Using R to average perfmon statistics and plot them

In the last post (Simple plot of perfmon data in R) I covered how to do a simple plot of perfmon counters against time. This post will cover a couple of slightly more advanced ways of plotting the data.

First up is if you want to average your data to take out some of the high points. This could be useful if you’re sampling at 15 second intervals with perfmon but don’t need that level of detail.

The initial setup and load of data is the same as before (if you need the demo csv, you can download it here):

install.packages(c("ggplot2","reshape2"))
library("ggplot2")
library("reshape2")

data <-read.table("C:\\R-perfmon\\R-perfmon.csv",sep=",",header=TRUE)
cname<-c("Time","Avg Disk Queue Length","Avg Disk Read Queue Length","Avg Disk Write Queue Length","Total Processor Time%","System Processes","System Process Queue Length")
colnames(data)<-cname
data$Time<-as.POSIXct(data$Time, format='%m/%d/%Y %H:%M:%S')

avgdata<-aggregate(data,list(segment=cut(data$Time,"15 min")),mean)

avgdata$segment<-as.POSIXct(avgdata$Time, format='%Y-%m-%d %H:%M:%S')
avgdata$Time<-NULL
mavgdata<-melt(avgdata,id.vars="segment")

ggplot(data=mavgdata,aes(x=segment,y=value,colour=variable))+
+ geom_point(size=.2) +
+ stat_smooth() +
+ theme_bw()

The first 8 lines of R code should look familiar as they’re the same used last time to load the Permon data and rename the columns. Once that’s done, then we:

10: Create a new dataframe from our base data using the aggregate function. We tell it to work on the data dataframe, and that we want to segment it by 15 minute intervals, and we want the mean average across that 15 minute section
11: We drop the Time column from our new dataframe, as it’s no longer of any us to us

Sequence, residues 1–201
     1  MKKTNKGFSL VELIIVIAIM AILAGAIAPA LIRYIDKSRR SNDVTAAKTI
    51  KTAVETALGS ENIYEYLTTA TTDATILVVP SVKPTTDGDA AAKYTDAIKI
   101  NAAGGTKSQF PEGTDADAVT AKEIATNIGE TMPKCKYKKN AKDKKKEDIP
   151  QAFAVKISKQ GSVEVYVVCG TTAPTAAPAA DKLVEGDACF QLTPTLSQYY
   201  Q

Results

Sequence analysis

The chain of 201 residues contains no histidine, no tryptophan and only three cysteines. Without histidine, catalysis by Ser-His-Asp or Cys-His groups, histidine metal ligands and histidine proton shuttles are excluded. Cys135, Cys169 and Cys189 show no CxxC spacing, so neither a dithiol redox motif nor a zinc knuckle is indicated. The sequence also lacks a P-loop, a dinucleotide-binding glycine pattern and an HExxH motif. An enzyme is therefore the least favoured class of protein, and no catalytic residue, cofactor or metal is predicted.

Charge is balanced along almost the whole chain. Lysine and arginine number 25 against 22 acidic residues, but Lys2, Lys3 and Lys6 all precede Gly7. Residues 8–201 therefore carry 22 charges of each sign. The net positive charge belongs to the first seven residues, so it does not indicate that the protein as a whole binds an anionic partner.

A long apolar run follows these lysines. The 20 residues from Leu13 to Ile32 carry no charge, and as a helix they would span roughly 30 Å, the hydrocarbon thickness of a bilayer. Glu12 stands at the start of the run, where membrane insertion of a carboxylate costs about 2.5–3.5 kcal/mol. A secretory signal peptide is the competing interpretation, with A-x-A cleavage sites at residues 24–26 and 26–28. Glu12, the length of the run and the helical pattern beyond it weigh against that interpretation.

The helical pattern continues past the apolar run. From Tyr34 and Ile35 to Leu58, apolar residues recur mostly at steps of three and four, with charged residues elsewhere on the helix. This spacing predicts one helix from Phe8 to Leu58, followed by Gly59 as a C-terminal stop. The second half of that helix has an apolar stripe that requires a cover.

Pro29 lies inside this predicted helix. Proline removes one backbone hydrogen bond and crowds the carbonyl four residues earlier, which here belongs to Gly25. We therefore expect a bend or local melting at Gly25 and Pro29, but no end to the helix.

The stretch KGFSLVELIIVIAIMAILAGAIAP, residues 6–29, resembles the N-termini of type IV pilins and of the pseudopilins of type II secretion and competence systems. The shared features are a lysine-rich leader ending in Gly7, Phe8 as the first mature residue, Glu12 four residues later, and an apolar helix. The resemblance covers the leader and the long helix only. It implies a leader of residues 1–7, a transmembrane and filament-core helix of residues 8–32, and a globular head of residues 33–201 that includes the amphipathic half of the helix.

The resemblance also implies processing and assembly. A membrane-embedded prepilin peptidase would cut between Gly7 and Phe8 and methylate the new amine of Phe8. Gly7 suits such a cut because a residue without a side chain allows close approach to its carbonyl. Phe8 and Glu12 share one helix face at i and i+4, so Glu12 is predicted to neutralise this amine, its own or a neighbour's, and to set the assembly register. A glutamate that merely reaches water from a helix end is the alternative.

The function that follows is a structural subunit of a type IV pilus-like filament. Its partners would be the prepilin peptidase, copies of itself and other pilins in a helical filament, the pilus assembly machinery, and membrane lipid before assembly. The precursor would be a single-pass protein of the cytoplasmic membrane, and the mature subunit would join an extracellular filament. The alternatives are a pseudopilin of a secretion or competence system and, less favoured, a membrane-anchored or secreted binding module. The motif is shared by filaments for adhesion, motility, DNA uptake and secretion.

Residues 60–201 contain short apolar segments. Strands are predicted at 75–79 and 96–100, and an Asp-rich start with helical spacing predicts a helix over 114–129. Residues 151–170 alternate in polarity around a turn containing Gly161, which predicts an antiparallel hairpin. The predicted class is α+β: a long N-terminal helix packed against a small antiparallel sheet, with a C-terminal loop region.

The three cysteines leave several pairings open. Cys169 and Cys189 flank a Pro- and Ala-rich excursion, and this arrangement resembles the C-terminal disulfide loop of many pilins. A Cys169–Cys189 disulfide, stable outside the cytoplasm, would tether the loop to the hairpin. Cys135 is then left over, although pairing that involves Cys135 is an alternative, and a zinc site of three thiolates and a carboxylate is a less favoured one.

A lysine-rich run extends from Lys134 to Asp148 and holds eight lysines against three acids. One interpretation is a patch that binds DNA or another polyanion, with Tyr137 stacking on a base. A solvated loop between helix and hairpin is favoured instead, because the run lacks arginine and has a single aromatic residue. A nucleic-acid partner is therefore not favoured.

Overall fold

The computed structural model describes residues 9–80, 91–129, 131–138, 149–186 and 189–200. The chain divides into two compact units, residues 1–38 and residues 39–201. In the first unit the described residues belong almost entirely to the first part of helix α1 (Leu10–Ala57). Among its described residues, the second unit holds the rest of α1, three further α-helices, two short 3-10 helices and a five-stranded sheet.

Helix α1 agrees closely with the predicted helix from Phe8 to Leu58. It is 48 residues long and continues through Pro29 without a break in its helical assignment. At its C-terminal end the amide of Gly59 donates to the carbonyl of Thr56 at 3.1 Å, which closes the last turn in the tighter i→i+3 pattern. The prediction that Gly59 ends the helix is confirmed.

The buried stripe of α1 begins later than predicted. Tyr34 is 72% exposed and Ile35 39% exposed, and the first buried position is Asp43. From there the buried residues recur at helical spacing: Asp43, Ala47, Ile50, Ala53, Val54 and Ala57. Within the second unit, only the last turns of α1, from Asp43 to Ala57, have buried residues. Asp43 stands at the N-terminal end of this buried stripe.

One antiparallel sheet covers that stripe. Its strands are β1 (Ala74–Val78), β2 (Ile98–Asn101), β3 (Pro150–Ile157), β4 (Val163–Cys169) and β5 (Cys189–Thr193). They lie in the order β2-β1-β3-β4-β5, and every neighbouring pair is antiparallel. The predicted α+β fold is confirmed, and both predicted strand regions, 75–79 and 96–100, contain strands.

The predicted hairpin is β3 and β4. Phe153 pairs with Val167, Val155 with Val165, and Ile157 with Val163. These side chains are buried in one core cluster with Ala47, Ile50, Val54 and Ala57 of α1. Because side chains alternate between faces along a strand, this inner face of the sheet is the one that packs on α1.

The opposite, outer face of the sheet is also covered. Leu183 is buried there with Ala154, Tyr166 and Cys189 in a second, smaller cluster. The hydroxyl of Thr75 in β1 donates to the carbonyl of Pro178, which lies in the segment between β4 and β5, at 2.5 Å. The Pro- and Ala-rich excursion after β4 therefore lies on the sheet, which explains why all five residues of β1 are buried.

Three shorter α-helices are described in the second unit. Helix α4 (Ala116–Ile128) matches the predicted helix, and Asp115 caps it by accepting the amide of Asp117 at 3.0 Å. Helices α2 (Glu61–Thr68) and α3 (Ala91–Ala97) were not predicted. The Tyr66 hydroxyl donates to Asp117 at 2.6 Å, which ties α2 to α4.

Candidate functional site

12: Convert the segment column to a datetime format (note that we use a different format string here to previous calls, this is due to the way that aggregate writes the segment values.
13: We melt the dataframe to make plotting easier.

And then we use the same plotting options as we did before, which gives us:

R plot of perfmon data at 15 minute average

If you compare it to this chart we plotted before with all the data points, you can see that it is much cleaner, but we’ve lost some information as it’s averaged out some of the peaks and troughs throughout the day:

Perfmon data plotted on graph using R

But we can quickly try another sized segment to help out. In this case we can just run:

minavgdata<-aggregate(data,list(segment=cut(data$Time,"15 min")),mean)
minavgdata$Time<-NULL
minavgdata$segment<-as.POSIXct(minavgdata$Time, format='%Y-%m-%d %H:%M:%S')
mminavgdata<-melt(minavgdata,id.vars="segment")

ggplot(data=mminavgdata,aes(x=segment,y=value,colour=variable))+
+ geom_point(size=.2) +
+ stat_smooth() +
+ theme_bw()

Which provides us with a clearer plot that our original, but keeps much more of the information than the 15 minute average:

R plot of perfmon data at 1 minute average

Migrating perfmon CSV files into SQL Server for analysis

Up to a certain size and for quick sampling using perfmon data in a CSV file makes life easy. Easily pulled into Excel, dumped into a pivot table and then analysed and distributed.

But once they get up to a decent size, or you’re working with multiple files or you want to correlate multiple logs from different servers, then it makes sense to migrate them into SQL Server. Windows comes with a handy utility to do this, relog, which can be used to convert perfmon output to other formats. Including SQL Server.

First off you’ll need to set up an ODBC DSN on the machine you’re running the import from. Nothing strange here, but you need to make sure you use the standard SQL Server driver.

Make sure you use the standard SQL Driver when setting up an ODBC connection for relog to load perflog data into SQL Server

If you use the SQL Server Native Client you’re liable to run into this uninformative error:

0.00%Error: A SQL failure occurred. Check the application event log for any errors.

and this also unhelpful 3402 error in the Application Event log:

The informative 3402 message relog returns if you're using the wrong ODBC driver

Once you’ve got that setup it’s just the syntax of the relog command to get through. The documentation says you need to use:

-o { output file | DSN!counter_log }

What it doesn’t say is that counter_log is the name of the database you want to record the data into. So assuming you want to migrate your CSV file, c:\perfmon\log.csv, into the database perfmon_data using the DSN perfmon_obdbc, you’d want to use:

relog "c:\perfmon\log.csv" -f SQL -o SQL:perfmon_odbc!perfmon_data

Running that you should get a nice whirling % count as your records are loaded up to SQL Server.